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SME

X-curve compensation re-EQ

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2 hours ago, SME said:

As a slight alternative to the approach you took, you may want to try doing a +/- 30 degree (listening window) spatial average of the anechoic measurements EQing that to be flat instead.  It's hard for me to tell by looking at your plots how much the high frequency response shape varies with angle.  With my SEOS-15, I see up to 1 dB of variation in the response shapes, up to 10 kHz or so.  (The variation is a bit higher above 10 kHz.)  Perhaps the SEOS-10 is better behaved in that respect.

I preferred the sound from flattening the listening window average response instead of the on-axis response.  I also noticed that Harman appears to calibrate their active speakers for a flat listening window response instead of flat on-axis response.

One crucial detail I neglected to mention or take into account here is that I generally avoid evaluating in-room response without taking averages of measurements in multiple locations.

In the case of the 500-900 Hz response, if you took measurements across a +/- 30 degree listening window and weighted them for relative distance before averaging, you might see more  slope there after all.  I just took a look at my own crop of measurements and noticed that in areas of changing directivity, both on-axis and MLP measurements stay somewhat flatter than the listening window average measurements.

As for the bass in the 125-250 Hz range, your ears are definitely the final arbiter on any calibration decision.  It's possible that the bloat you are hearing is caused by just one bad resonance.  Such resonances can be difficult or impossible to see in a measurement at a single location because they are hard to distinguish from peaks and dips caused by interference.  However, if you take measurements in multiple locations and spatially average them, problematic resonances are more likely to stand out.  If you can suppress the bad resonance, you may be able to boost the output in that frequency range a lot more without causing bloat.  If it is a room problem, then the screen wall may not fix the problem but it probably can't hurt.

Thanks for the comments, it's interesting to hear how other people approach this.

IIRC the correction was based on an average of 0-45 degrees (though looking at the data again, I might be misremembering that...). I'm still not entirely happy with the 100-400Hz range yet but haven't had the time (or inclination) to properly revisit it. My current setup is really quite time consuming to work through the various filters and somewhat prone to manual error so I've left it as good enough for a while now. I would like to work out a better strategy for that mid bass area at some point though.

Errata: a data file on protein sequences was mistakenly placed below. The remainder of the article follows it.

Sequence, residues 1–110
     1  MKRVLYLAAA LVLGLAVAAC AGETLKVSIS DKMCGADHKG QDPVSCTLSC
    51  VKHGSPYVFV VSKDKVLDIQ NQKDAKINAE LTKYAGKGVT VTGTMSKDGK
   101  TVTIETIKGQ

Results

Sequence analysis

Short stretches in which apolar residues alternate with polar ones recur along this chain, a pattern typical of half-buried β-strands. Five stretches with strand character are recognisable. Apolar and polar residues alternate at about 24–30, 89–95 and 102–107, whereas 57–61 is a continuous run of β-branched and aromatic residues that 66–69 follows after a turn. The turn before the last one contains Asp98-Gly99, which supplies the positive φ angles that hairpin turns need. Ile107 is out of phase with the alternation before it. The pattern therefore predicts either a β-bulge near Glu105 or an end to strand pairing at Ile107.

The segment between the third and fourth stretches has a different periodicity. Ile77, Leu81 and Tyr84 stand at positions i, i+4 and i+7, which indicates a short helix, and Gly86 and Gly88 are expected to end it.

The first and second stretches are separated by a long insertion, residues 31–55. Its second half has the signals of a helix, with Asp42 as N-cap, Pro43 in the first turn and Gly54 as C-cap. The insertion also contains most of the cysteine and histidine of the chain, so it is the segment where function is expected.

FWIW I posted some more graphs in http://www.avsforum.com/forum/155-diy-speakers-subs/2188265-attempting-3way-seos10.html#post55396722 which show the directivity & power response (with 0 and 15 degree reference angles) of that quasi anechoic data with the correction filter applied. The main thing that stands out to me from this data is that a 1-1.5dB hump develops from 1.5-4.5kHz as you move from 0-30 degrees so perhaps the filter should give a bit more weight to taking that down. 

 

 

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8 hours ago, SME said:

There is no formal standard for homes or home mastering rooms.  However, a very good informal reference is a system using speakers that have a flat anechoic frequency response and consistent off-axis frequency response, and are placed at least a few feet away from walls.  Research by Floyd Toole and Harman of speaker prefer by blinded music listeners suggests that speakers with this kind of speaker are preferred from among many others tested.  The reference is not perfect and does not precisely define what bass response should look like after accounting for the influence of the room.  However for mid and high frequencies, where evidence strongly suggests the speaker sound dominates perception, I believe this reference is consistent and reliable.

Cinemas do rely on formal standards, but unfortunately they are not based on measurement of perceptually relevant quantities.  The informal reference I describe above is defined with respect to speaker anechoic response or what we might call in-room direct sound response.  The X-curve standard on the other hand relies on measurement of continuous pink noise and does not adequately distinguish between sound produced by the speaker and sound reflected back by the room at later moments.  As stated before, perception of mid and high frequencies depends primarily on the sound produced by the speaker, but the reflected sound field depends substantially on other variables such as speaker radiation pattern vs. frequency, room size, listener distance, and properties of the room boundaries.  This means that the same speaker, calibrated to X-curve standards in different rooms, will be EQed differently in each room to satisfy the standard, which implies that the sound will also differ between those rooms, despite the use of the same speaker and the same "calibration".  Furthermore the power-averaged pink noise response of a flat speaker when measured in a typical cinema room will have no resemblance at all to the X- curve target.  Forcing the measured response to conform to the X-curve target typically requires attenuating both high and low frequencies, leading to a speaker sound that will tend to sound heavy in the mid-range when used to play typical music content.